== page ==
It’s nearly thirty years since Douglas Adams wrote Dirk Gently’s Holistic Detective Agency and introduced the Electric Monk to the world:
The Electric Monk was a labour-saving device, like a dishwasher or a video recorder. Dishwashers washed tedious dishes for you, thus saving you the bother of washing them yourself, video recorders watched tedious television for you, thus saving you the bother of looking at it yourself; Electric Monks believed things for you, thus saving you what was becoming an increasingly onerous task, that of believing all the things the world expected you to believe.
I said yesterday, not for the first time, that I’m not writing as much as I used to. I still jot down notes on scraps of paper or in notebooks, but I don’t seem to sit over them and nag at them like I did.
I used to find train and bus journeys a perfect opportunity to stare out of the window for inspiration, to worry at words, sketching out alternatives, scratching out false starts, mentally running through phonemes trying to find a rhyme or a word or phrase with just the right shape and sound. Continue reading “too much information”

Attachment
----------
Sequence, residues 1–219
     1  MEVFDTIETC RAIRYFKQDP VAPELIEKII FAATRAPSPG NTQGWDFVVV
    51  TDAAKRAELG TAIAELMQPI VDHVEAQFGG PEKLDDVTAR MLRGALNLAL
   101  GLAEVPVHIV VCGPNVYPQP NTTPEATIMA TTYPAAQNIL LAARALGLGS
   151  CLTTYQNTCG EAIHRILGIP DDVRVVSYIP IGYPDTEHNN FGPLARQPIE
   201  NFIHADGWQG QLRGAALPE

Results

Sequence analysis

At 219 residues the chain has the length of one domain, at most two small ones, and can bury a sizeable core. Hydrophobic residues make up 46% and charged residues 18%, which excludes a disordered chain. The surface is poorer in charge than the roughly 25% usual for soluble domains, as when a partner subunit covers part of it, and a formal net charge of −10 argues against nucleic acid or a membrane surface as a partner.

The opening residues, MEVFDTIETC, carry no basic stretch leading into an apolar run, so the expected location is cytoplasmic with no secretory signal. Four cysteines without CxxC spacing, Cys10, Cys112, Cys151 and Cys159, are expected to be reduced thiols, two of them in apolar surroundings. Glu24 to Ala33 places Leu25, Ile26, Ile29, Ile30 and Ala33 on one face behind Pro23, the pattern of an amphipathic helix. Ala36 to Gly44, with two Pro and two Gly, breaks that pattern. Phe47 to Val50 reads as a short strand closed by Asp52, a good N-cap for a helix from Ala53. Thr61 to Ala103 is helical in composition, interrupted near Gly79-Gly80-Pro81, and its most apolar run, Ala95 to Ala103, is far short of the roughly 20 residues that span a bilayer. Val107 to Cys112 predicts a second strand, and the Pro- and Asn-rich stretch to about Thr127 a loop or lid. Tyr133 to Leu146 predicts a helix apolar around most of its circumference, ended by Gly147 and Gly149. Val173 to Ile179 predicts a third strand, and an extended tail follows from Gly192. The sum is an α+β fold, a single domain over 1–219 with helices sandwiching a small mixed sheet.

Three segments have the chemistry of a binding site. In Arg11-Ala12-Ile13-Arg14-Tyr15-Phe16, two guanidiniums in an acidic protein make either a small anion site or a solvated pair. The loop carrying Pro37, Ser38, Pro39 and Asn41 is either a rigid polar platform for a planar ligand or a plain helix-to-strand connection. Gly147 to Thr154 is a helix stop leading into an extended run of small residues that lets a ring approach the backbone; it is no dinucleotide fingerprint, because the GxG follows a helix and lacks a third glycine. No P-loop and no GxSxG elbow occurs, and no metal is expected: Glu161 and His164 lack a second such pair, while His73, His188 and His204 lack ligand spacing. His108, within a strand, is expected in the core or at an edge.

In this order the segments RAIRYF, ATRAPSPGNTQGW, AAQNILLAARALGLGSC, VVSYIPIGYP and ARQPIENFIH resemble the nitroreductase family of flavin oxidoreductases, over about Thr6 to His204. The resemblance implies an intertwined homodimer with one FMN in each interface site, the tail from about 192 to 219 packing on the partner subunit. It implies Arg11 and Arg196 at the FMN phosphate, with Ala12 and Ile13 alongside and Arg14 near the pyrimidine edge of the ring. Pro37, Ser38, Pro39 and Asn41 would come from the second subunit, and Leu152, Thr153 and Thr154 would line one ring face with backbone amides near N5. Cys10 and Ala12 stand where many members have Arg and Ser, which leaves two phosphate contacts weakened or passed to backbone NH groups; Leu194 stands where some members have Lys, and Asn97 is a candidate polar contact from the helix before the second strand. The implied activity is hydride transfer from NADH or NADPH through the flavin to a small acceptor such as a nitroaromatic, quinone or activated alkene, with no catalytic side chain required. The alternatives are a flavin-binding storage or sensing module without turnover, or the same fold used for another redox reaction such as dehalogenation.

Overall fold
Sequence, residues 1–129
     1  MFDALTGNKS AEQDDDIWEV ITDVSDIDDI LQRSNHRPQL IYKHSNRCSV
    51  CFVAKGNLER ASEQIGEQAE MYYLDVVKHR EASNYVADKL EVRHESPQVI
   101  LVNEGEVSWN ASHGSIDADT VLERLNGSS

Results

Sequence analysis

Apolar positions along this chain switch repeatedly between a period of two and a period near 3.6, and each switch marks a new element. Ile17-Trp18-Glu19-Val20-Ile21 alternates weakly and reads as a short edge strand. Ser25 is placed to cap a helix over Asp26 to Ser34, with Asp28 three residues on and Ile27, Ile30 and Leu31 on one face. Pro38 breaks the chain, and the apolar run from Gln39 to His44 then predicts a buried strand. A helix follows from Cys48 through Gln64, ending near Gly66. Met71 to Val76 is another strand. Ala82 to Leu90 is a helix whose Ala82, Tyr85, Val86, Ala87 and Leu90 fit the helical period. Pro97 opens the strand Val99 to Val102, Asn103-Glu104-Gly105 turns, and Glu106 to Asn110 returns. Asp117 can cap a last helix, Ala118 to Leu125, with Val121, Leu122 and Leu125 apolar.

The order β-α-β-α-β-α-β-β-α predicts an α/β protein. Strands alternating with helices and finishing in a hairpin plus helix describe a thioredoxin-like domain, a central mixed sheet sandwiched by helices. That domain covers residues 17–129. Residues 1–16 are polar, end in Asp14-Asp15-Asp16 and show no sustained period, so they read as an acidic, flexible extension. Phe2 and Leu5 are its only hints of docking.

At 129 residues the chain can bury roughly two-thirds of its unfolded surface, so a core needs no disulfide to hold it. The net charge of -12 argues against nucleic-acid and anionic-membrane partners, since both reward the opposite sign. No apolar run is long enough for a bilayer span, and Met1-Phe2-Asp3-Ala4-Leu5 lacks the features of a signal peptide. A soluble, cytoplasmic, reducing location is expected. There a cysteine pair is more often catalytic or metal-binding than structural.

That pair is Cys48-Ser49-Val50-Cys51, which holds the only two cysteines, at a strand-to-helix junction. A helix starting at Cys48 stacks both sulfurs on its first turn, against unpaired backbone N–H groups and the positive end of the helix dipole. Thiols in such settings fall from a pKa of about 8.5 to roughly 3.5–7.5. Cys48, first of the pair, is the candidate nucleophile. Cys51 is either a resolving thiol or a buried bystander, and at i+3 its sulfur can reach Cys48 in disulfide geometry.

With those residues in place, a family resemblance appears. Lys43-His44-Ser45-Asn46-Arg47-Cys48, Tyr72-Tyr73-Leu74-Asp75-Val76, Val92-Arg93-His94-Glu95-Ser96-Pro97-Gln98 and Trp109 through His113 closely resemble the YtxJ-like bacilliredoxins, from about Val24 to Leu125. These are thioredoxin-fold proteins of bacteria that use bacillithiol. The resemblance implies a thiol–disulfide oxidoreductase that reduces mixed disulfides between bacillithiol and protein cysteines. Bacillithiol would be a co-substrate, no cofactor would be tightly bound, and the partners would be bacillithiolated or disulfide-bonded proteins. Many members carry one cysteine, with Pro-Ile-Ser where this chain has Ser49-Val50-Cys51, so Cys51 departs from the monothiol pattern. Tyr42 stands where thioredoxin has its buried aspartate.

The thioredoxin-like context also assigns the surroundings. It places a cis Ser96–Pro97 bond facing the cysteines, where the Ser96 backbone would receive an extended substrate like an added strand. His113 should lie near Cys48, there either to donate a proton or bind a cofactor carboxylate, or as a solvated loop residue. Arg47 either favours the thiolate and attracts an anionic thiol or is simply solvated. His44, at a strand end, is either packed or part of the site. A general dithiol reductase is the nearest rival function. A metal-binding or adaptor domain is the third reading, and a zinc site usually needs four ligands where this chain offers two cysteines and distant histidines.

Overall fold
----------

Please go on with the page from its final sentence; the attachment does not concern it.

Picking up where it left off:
As a woman whose business falls broadly within the technology sector, I’ve been involved in a number of conversations recently that talk about “women in tech” as if there were a clear dichotomy between arts and science.
Actually, not fear of losing it so much as fear of losing them. Some ten years of digital photos (plus assorted translations, stories, poems, and other memories) stored on an external hard drive which is currently refusing to boot.
There comes a point, of course, where you have to admit that the past does disappear and this is just something you have to deal with.
I am currently taking comfort in the idea that “Nothing is lost for ever […] except for the Cathedral of Chalesm”, coupled with the fact that the little blue light still comes on when I connect the disk, so perhaps it is not altogether dead.
Some more recent photos, including this one, have not been lost:
Apropos not a lot, I’ve been pondering the influence of computers on poets and their writing.
When I started to read poetry – from Stevenson’s A Child’s Garden of Verses, Belloc’s Cautionary Tales and Palgrave’s Golden Treasury – most of the poems started each line with a capital letter; when I started to write poetry, I did the same.
Later, as I read more modern poets, I learned that this was not compulsory: poems can be punctuated like prose, with capital letters only appearing at the start of a new sentence. I’ve been writing uncapitalised poems for most of my adult life. Which means that I’m always slightly surprised when I see a modern poet capitalise each line. Continue reading “upgrades and improvements”